# How to plot straight line graphs

## Home learning focus

Learn how to plot straight line graphs.

This lesson includes:

- one video
- learning summary
- one activity sheet

# Learn

For students looking to achieve grade 4 in GCSE Maths, students must know that a linear equation is drawn as a straight line on a set of axes. A table of values can be used to plot straight line graphs.

Check your understanding of how to draw a graph of a linear equation by watching this short video from BBC Bitesize, KS3 Maths.

Read pages 1 to 4 of our 'Straight line graphs' Bitesize revision guide. To understand:

## How to draw a graph of a linear equation

A linear equation can be represented as a line graph. In order to draw the line graph we require several pairs of coordinates. These coordinates represent the relationship given in the equation.

For example, for y = 3x, the y value is always equal to '3 lots' of the x value. (1,3), (10,30) and (2.5,7.5) are all coordinates on the line y = 3x.

Often a table of values is used to create the coordinates. We use substitution to calculate the values.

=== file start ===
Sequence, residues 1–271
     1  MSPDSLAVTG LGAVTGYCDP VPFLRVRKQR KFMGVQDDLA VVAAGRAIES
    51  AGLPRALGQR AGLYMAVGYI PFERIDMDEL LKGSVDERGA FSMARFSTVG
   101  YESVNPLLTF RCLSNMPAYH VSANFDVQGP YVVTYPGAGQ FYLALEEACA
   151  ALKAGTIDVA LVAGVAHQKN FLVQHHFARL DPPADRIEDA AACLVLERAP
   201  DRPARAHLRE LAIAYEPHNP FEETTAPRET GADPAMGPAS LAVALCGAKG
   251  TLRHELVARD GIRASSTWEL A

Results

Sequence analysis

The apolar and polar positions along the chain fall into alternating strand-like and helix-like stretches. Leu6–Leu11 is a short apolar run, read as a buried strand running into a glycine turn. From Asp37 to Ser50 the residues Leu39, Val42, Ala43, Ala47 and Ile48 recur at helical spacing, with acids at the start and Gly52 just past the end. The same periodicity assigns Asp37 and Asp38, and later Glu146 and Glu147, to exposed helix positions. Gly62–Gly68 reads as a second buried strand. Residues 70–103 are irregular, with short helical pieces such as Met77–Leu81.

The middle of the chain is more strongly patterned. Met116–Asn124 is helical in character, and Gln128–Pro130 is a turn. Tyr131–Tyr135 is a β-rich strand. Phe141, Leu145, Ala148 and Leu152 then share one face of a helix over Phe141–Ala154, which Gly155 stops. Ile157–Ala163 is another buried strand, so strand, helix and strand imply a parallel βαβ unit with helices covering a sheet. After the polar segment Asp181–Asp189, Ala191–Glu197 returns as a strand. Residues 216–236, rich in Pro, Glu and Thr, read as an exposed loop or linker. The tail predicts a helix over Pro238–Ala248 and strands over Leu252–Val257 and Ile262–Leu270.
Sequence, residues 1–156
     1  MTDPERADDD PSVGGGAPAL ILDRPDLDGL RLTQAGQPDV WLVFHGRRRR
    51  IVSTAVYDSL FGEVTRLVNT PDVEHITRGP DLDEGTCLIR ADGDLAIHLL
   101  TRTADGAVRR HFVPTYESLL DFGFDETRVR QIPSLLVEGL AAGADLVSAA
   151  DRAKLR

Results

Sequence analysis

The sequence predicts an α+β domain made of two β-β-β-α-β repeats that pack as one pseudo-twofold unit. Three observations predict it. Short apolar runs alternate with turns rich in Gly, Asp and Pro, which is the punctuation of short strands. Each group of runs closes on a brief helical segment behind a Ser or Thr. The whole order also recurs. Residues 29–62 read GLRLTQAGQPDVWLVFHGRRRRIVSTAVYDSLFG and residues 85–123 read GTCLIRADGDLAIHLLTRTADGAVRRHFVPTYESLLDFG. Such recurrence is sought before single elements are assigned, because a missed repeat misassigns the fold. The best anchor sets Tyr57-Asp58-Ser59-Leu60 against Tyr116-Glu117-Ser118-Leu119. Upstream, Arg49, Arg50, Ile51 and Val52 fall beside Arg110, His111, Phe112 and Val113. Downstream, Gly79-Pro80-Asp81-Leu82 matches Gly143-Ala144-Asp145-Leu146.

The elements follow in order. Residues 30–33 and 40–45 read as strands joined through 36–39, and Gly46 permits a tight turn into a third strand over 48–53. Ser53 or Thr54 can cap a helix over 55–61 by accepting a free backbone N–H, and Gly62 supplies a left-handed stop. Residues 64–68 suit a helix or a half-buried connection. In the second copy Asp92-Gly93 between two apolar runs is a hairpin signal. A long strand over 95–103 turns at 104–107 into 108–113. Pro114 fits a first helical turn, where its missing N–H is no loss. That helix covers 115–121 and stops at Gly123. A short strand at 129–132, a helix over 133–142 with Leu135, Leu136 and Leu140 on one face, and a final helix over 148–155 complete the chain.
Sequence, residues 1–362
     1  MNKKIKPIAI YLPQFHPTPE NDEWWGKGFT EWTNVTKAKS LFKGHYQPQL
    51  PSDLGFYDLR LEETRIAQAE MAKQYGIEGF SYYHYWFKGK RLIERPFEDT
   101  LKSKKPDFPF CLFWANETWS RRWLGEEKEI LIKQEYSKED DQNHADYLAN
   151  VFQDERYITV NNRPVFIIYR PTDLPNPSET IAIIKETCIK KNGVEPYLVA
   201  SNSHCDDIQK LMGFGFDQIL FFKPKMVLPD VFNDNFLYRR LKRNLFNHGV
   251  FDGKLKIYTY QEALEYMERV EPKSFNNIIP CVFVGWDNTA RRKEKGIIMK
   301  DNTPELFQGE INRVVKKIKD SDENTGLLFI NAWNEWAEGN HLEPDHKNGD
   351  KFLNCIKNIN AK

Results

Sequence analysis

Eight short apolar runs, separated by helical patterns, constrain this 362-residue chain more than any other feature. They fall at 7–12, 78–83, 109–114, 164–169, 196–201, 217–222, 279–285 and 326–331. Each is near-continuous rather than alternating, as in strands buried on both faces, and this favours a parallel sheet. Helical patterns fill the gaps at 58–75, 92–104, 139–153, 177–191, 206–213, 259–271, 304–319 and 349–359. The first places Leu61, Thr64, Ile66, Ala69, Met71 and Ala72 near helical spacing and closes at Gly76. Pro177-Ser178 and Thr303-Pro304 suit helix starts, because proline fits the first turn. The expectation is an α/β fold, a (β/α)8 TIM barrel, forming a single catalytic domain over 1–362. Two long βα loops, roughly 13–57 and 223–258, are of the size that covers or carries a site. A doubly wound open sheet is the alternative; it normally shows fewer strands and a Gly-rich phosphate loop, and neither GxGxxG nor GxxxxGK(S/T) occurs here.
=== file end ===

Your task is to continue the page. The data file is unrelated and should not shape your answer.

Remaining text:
For example: y = 2x + 1

The y value is always '2 lots' of the x value plus 1.

We replace the value of x for different numbers and record the resulting y value.

## An example of how to plot a straight line graph

Draw the graph of the equation y = 3x - 1.

Create a table of values to find the coordinates on the graph:

Plotting the coordinates and drawing a line through them on a graph looks like this:

This is the graph of **y = 3x - 1**.

To learn more on how to plot straight line graphs look at the Straight line graphs Bitesize guide here.

# Practise

## Activity 1

**Equations on a straight line**

Complete the activity sheet from Beyond on equations on a straight line to test your knowledge.

# Choose your exam specification

BBC Bitesize has GCSE exam board-relevant content for students in England, Northern Ireland and Wales. Chose the exam specification that matches the one you study.

# There's more to learn...

Have a look at these other resources around the BBC and the web.